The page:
His demeanor had changed from the sullen and bored (we had not had a case in nearly a month) to excited when the Maintenance and Engineering manager of Olympic Stadium had called.
After an uneventful flight, and a quick trip to the hotel to freshen up, we were on our way to the stadium. “This is a very perplexing case,” Headphones began, “Frankie Frazzled, the Facility manager from the stadium, has some serious issues with the natural gas distribution system there, and is worried about keeping the Olympic torch lit!”We were greeted at the security entrance by Frankie Frazzled. “Thanks for coming mates!” he said. “Let’s go straight to our mechanical room.” He led us into the basement to a huge mechanical room with a maze of pipes running in every direction. I noted that Headphones had taken the Ultraprobe 15000 out of the case on the way, and was now scanning around the room, while adjusting the sensitivity of the instrument. There was a faint smell of natural gas in the room, but it was impossible to determine the exact location. Headphones asked Frankie what he and his maintenance techs had done so far, and was told they had applied a soapy water solution called “Snoop” to all of the fittings and flanges in the immediate area of the main supply of gas to the torch. “We could not find a single place where there were any bubbles indicating a leak,” Frankie said with some disappointment.
“Ahh,” Headphones replied, “sometimes the most obvious answer is not the right one!”“What do you mean?” I said to Headphones. “Most certainly there is a significant leak somewhere in this system that is causing an insufficient amount of gas to reach the burners of the torch. We just need to work harder to find it!” I had witnessed numerous occasions when Headphones had used his miraculous Ultraprobe 15000 to locate numerous leaks.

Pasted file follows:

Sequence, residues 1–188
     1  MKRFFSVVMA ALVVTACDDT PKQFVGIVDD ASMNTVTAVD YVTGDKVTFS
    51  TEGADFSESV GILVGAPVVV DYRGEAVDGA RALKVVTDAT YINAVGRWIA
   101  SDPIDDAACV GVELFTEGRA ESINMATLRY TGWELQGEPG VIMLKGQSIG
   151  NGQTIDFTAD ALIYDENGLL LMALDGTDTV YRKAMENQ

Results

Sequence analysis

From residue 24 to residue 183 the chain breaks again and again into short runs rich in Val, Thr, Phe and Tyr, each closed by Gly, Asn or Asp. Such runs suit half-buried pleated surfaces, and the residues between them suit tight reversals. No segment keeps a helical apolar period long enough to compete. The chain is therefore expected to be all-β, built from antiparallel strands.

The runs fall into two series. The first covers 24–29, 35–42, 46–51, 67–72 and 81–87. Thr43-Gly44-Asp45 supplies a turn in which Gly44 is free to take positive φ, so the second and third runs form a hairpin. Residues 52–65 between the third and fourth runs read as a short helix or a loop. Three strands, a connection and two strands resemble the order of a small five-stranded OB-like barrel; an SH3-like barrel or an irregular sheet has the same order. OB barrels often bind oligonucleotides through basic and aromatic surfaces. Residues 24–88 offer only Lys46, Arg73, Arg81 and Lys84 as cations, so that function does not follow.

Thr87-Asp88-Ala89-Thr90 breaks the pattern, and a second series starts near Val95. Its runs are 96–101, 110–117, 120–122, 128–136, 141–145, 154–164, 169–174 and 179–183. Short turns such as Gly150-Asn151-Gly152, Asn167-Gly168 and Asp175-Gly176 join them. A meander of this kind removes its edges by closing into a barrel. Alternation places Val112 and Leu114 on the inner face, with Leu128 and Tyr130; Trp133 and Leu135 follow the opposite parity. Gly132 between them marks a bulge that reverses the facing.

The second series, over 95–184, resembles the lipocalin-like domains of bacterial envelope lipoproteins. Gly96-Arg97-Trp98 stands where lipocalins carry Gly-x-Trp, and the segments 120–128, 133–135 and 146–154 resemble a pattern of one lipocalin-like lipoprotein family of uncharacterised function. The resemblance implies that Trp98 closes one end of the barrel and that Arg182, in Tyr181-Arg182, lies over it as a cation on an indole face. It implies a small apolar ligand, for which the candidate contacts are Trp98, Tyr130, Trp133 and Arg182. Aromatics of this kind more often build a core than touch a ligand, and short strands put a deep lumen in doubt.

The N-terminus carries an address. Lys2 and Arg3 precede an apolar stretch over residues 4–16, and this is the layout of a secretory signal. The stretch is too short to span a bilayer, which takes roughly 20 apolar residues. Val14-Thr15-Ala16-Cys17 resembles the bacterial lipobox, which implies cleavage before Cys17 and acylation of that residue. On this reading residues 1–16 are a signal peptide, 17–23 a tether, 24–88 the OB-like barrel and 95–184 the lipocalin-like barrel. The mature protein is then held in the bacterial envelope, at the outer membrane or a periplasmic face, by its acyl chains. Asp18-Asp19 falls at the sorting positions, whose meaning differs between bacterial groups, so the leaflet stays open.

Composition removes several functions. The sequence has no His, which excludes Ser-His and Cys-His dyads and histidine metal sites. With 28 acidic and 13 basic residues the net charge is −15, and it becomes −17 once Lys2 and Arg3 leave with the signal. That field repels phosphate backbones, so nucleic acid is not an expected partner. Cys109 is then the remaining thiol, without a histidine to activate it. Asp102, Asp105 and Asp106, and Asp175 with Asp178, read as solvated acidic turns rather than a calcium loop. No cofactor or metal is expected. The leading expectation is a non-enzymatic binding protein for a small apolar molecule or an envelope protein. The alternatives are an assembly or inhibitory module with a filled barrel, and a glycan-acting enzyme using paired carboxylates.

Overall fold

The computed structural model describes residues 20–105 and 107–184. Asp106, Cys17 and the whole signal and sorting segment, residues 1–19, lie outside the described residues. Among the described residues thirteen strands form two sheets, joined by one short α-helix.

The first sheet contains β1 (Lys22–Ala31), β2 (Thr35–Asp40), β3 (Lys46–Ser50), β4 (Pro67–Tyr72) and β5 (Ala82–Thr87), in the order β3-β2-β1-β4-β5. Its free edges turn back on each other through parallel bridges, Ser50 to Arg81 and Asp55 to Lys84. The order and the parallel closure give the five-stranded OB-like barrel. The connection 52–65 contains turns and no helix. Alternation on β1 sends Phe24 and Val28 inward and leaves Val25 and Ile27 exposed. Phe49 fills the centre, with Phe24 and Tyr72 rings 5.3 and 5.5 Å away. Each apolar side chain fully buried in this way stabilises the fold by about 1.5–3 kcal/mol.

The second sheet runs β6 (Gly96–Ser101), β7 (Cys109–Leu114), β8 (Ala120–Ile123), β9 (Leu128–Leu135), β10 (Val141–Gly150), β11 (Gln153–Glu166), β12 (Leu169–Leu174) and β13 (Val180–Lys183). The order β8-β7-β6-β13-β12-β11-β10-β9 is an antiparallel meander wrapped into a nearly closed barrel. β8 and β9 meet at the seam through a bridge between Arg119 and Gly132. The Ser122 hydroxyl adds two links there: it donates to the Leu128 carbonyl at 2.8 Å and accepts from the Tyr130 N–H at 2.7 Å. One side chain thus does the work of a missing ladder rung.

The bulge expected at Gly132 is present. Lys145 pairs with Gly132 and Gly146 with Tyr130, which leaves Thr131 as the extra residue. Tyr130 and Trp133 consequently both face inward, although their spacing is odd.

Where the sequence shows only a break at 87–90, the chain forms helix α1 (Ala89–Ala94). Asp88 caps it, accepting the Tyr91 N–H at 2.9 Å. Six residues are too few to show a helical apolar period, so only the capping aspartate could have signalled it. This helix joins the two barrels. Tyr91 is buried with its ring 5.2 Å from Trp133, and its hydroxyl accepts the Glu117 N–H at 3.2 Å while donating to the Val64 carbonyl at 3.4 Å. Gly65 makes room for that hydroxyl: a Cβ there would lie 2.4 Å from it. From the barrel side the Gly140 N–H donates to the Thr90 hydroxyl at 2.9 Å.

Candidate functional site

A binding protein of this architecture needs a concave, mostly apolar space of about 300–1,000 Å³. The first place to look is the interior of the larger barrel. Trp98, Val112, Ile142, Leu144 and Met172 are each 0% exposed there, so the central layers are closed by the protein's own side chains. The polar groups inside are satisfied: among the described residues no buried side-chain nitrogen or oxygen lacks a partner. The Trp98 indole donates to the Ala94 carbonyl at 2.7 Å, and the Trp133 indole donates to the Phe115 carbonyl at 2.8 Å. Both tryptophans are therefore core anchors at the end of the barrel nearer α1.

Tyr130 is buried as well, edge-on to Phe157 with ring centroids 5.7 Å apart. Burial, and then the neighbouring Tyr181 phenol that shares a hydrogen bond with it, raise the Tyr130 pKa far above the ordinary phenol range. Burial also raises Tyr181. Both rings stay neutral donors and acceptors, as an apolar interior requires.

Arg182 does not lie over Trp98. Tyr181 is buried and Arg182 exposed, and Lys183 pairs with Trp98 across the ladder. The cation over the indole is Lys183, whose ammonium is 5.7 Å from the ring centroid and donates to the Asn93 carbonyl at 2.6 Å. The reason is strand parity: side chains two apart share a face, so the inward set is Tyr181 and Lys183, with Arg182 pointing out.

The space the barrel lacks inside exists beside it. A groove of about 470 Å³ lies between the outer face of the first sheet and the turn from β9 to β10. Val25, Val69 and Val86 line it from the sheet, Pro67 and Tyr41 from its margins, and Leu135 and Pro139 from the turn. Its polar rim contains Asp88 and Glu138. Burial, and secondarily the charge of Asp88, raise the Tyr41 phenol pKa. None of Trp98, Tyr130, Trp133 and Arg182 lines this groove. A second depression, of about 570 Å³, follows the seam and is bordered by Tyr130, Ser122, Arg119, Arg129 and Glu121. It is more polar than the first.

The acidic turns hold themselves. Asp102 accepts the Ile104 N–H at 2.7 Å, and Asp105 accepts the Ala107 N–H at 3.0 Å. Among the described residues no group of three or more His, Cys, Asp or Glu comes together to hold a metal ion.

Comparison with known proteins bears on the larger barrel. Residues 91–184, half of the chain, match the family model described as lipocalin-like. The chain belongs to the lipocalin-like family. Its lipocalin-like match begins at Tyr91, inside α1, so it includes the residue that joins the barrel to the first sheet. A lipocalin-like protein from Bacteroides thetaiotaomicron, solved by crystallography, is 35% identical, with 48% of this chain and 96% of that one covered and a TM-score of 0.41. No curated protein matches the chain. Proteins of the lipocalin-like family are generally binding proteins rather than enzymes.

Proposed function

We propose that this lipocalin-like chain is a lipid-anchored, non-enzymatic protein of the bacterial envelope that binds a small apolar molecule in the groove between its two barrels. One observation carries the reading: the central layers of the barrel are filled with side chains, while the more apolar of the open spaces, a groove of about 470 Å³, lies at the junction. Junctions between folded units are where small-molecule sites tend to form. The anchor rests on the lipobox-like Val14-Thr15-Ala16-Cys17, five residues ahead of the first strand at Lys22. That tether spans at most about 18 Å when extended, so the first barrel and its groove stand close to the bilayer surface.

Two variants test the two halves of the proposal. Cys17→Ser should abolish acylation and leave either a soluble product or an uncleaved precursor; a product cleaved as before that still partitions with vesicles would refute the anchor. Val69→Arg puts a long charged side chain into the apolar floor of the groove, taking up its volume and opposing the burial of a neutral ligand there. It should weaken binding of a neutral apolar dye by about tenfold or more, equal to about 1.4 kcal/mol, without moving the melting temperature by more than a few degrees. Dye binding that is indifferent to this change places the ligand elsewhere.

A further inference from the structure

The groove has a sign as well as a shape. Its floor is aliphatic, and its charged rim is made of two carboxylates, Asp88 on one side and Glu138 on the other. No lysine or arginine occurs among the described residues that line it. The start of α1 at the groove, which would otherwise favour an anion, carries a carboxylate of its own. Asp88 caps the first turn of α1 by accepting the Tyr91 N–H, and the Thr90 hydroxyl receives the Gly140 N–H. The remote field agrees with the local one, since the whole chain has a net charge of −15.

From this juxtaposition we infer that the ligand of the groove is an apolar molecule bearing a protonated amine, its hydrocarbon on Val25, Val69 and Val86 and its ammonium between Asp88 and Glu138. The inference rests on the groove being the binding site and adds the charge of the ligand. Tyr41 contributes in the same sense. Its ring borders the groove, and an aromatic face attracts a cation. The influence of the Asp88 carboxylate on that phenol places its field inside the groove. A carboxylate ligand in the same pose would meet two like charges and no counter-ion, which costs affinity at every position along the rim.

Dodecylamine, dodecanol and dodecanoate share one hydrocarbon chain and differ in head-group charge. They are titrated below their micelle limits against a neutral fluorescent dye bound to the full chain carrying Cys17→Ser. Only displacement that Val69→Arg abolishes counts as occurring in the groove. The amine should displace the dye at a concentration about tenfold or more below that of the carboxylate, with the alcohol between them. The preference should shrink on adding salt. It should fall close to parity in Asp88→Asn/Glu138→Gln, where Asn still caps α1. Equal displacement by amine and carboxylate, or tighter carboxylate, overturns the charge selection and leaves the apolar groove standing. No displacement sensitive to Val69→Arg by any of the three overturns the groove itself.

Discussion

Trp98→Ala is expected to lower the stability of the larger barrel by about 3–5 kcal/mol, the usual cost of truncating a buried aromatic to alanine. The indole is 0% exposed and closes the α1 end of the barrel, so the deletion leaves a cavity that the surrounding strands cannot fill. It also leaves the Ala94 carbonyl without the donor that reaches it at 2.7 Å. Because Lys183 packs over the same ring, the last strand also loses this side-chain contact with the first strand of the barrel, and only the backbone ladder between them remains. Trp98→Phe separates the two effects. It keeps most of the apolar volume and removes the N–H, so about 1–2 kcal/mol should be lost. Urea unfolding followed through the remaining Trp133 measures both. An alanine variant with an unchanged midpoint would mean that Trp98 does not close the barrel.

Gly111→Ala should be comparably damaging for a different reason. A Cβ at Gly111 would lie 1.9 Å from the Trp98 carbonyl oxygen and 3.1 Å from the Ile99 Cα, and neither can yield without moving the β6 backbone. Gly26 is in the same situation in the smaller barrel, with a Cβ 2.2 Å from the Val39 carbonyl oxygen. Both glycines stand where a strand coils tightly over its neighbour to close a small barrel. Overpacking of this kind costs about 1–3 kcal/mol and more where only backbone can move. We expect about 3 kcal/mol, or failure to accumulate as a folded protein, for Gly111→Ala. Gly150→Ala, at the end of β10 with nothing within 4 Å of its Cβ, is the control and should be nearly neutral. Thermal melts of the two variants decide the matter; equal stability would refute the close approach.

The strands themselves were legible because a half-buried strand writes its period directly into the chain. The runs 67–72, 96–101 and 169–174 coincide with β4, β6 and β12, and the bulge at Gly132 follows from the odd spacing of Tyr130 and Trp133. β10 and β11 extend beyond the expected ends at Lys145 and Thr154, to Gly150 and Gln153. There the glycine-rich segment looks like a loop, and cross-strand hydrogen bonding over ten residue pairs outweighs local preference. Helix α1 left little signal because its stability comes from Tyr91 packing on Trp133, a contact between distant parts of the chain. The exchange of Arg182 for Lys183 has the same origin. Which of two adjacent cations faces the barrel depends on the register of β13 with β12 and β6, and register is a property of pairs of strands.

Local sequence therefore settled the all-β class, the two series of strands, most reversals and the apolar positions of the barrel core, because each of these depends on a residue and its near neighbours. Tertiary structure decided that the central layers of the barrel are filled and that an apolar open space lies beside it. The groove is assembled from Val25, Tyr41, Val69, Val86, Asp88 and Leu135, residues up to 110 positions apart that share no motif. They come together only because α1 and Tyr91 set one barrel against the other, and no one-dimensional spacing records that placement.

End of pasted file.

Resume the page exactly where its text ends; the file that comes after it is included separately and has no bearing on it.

“My dear Wastenot, while there are numerous small leaks in this system, all of which I have located, measured, taken a digital photo of, and stored on my UP 15, they are not large enough to prevent the torch from getting the gas it needs to stay lit,” proclaimed Headphones.
“Then what could it possibly be Headphones?” I asked. Headphones smiled as he changed the probe on the 15 from a scanning module to a contact module.
“When you eliminate everything that is not possible, whatever remains, however improbable, must be the truth.” He walked up to the main shut off valve for the torch, made contact with the downstream side, and listened.
“This valve has failed in the closed position! I should be hearing flow, and instead, I hear nothing” The valve was quickly isolated, and changed out, restoring the system to full operation, and the Olympic Torch was burning bright just in time to welcome the dedicated and talented athletes arriving from around the world to the 30th Olympiad!
As Headphones and I enjoyed our front row seats (complements of Frankie, of course!) we were proud to watch the USA Women’s beach volleyball team chalk up another win.
Headphones turned to me with a final comment to close out this intriguing case stating, “leaks are not always found external to the system Wastenot, internal leaks through valves and even valve blockages are quite common and easily detected, that is, if you know where to look.”
Stay tuned for the next episode because who knows where Headhpones and Wastenot might end up next…
Doug Waetjen, CMRP